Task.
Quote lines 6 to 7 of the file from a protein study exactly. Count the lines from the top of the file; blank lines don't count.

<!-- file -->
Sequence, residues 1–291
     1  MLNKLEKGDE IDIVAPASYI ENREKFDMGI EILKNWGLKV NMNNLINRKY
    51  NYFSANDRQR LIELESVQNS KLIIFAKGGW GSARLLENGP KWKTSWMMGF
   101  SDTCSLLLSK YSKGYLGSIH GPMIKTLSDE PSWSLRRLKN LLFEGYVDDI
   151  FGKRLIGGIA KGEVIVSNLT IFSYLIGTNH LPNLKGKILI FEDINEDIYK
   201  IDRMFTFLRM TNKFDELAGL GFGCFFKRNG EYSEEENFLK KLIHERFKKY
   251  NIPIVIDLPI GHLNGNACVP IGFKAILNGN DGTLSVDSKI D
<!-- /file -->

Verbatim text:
   201  IDRMFTFLRM TNKFDELAGL GFGCFFKRNG EYSEEENFLK KLIHERFKKY
   251  NIPIVIDLPI GHLNGNACVP IGFKAILNGN DGTLSVDSKI D